Cloning (downloading) a Repository

Cloning (downloading) a Repository

You’ve now learned how to push (upload) a copy of your local repository to the cloud (e.g. GitHub). The next question is how can we download a repository from the cloud?

Why would we want to do this? Well, one good reason may be that you may want to have a copy of your repository on both your laptop and on your desktop, or on your work PC and on your home PC. Downloading your repository to another computer allows you to split your work across more than one machine, all the while using your cloud (GitHub) repository to keep everything in sync.

To download a Git repository to a new computer, use the git clone command. As we are not going to use a new computer in this workshop, we will fake a new computer by downloading to a new directory.

First, change into your home directory by typing


Now, create and change into a new directory called tmpdir using

mkdir tmpdir
cd tmpdir

To clone your repository, type

git clone

where USERNAME is your GitHub username, e.g. I would write

git clone

This will output something like

Cloning into 'versioned_dir'...
remote: Counting objects: 28, done.
remote: Compressing objects: 100% (21/21), done.
remote: Total 28 (delta 2), reused 28 (delta 2), pack-reused 0
Unpacking objects: 100% (28/28), done.
Checking connectivity... done

This shows that Git has downloaded the versioned_dir git repository and unpacked into a new directory, also called versioned_dir.

You can confirm this by typing

ls versioned_dir

You should see that this is a copy of your other versioned_dir directory.

Change into this new versioned_dir directory using

cd versioned_dir

Get the status of the clone using git status. You should see that you have cloned a clean version of the master branch, e.g.

# On branch master
nothing to commit, working directory clean

Note that because GitHub only has a copy of your master branch, your cloned repository also only has a master branch. You can confirm this by running git branch and looking at the output. If you have lots of branches on GitHub, then all of these will be downloaded in the clone. This is because git clone creates a complete and identical clone of the GitHub repository.

Making a change

You should now have two copies of your versioned_dir directory;

  • The “original”, which is versioned_dir
  • The “clone”, which is tmpdir/versioned_dir

Edit the README.MD in the clone directory, e.g.


Edit this file so that it reads

# Hello GitHub

This is a README.MD file that will be used to describe this
repository on GitHub

This is	an extra line of text added to the copy	
of README.MD in the cloned repository

Save the file and exit from nano, and then check git status to see that Git knows that you have changed README.MD.

Commit the change and push this up to the cloud repository. Remember to add a useful commit message.

git commit -a
git push

Take a look at your repository on using your webbrowser. You should see that you have pushed up a change from the “cloned” repository.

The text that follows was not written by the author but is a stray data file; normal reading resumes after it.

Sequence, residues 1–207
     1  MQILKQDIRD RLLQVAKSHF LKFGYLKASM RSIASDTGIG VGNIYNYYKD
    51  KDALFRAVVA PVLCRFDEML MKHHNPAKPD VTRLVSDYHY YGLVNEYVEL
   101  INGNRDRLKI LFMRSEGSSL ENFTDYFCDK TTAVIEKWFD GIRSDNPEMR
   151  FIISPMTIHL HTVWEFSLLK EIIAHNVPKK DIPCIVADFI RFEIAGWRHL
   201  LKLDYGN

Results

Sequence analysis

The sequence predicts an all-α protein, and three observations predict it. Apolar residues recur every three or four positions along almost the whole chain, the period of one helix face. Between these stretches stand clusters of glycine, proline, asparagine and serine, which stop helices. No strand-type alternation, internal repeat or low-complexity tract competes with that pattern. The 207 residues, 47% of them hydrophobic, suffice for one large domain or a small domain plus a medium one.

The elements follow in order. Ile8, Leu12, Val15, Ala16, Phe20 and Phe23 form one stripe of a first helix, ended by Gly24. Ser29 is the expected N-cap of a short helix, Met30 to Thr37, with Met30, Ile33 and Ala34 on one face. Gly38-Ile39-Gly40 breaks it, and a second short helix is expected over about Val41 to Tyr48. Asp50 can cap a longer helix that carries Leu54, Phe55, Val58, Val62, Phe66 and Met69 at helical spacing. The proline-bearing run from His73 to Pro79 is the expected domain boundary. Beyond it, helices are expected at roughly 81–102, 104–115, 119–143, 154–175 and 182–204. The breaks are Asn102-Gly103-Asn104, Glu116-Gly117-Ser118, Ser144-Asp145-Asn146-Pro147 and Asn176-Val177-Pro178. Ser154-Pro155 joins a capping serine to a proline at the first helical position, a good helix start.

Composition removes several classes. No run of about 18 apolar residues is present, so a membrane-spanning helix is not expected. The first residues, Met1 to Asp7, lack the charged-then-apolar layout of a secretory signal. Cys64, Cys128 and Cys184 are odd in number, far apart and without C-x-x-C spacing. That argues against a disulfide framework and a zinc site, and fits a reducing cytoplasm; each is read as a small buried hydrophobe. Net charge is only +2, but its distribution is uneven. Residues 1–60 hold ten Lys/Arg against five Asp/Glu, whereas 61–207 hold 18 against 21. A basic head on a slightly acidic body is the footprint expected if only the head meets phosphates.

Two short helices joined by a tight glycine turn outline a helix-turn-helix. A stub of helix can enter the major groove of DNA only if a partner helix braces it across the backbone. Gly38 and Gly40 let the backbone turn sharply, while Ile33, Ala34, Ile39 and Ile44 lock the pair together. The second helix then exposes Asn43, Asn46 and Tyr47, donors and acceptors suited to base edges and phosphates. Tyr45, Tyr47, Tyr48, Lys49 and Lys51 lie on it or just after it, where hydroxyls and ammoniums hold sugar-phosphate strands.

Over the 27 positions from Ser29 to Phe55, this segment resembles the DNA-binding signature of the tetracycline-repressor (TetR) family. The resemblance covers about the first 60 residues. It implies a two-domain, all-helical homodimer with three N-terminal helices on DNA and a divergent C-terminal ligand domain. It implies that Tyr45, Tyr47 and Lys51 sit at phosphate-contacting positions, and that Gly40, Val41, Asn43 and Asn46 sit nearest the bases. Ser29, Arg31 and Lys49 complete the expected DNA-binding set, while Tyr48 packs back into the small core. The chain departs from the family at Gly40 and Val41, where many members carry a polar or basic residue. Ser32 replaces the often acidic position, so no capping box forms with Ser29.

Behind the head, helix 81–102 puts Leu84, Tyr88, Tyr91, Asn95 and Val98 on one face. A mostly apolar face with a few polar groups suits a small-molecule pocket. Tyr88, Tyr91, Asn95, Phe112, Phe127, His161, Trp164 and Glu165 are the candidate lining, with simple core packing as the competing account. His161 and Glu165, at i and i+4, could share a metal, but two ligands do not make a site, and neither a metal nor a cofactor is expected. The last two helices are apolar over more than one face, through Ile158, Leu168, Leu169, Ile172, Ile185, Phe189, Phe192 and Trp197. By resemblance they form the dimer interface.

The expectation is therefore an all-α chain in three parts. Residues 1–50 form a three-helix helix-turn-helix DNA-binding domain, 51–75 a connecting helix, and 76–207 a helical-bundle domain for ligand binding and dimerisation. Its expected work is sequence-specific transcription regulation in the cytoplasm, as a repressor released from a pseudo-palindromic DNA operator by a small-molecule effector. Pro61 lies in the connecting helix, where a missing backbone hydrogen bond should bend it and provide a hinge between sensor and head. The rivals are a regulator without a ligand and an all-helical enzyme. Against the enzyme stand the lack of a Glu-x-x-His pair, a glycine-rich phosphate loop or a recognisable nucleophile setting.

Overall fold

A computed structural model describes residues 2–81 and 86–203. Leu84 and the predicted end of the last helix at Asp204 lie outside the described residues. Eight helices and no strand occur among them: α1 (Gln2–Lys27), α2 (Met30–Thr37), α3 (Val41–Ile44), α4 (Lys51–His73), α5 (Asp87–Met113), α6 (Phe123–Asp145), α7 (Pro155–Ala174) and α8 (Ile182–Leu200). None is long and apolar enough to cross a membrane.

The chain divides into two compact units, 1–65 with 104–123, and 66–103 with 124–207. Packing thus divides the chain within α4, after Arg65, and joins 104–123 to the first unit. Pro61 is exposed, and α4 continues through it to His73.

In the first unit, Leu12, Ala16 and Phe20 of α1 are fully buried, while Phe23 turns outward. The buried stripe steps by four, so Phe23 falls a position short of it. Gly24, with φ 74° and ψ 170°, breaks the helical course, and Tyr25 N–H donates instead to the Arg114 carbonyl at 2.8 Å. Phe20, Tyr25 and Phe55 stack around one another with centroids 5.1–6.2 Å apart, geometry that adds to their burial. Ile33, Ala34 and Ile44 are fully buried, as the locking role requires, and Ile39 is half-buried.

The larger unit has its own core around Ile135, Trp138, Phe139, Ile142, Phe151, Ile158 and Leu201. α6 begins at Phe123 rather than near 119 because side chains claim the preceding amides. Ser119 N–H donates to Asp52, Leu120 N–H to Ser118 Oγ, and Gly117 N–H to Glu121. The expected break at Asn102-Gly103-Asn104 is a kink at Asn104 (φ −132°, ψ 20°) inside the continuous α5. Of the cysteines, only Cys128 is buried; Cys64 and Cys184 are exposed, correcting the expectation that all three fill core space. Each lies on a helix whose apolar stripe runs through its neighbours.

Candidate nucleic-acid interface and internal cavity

Now, change directory into the original versioned_dir, e.g. via

cd ../../versioned_dir

Take a look at README.MD in this original versioned_dir directory. You should see that this file has not been changed - it doesn’t include the new line of text that was added via the “cloned” directory.

To get this line of text, we need to sync our local original versioned_dir with the cloud GitHub repository. In the last page, syncing was always pushing changes from the local directory to the cloud, and used git push. It should be no surprise that pulling changes from the cloud to the local directory uses git pull.


git pull

You should see output that is similar to

remote: Counting objects: 3, done.
remote: Compressing objects: 100% (3/3), done.
remote: Total 3 (delta 0), reused 3 (delta 0), pack-reused 0
Unpacking objects: 100% (3/3), done.
   e1dd8ff..46fefdd  master     -> origin/master
Updating e1dd8ff..46fefdd
 README.MD | 2 ++
 1 file changed, 2 insertions(+)

This shows that Git has recognised that the GitHub cloud repository has newer versions than the local repository. Git downloads these changes and then applies them to the files in your local repository. In this case, the changes only affected README.MD, and just involved inserting two lines (2 insertions).

Take a look at README.MD. You should see that it now has the new lines that were added from the “cloned” repository. If you run git status you should see that the current working directory is clean.


The “normal” workflow when using Git on your own is;

  • git pull new versions from the cloud repository
  • Now make changes to your files as you would normally.
  • git commit -a your changes.
  • git status to ensure that your working directory is clean.
  • git push to push your changes back up to the cloud.


Make some changes in your “original” versioned_dir directory, e.g. edit README.MD, add new files or add new subdirectories.

Use git commit -a and git push to commit your changes, and then push them to your cloud repository.

Then, change directory into your “cloned” versioned_dir, e.g. via cd ../tmpdir/versioned_dir. Use git pull to pull the latest version from the cloud. Check that the changes you made to the “original” versioned_dir have been copied to the “cloned” versioned_dir.

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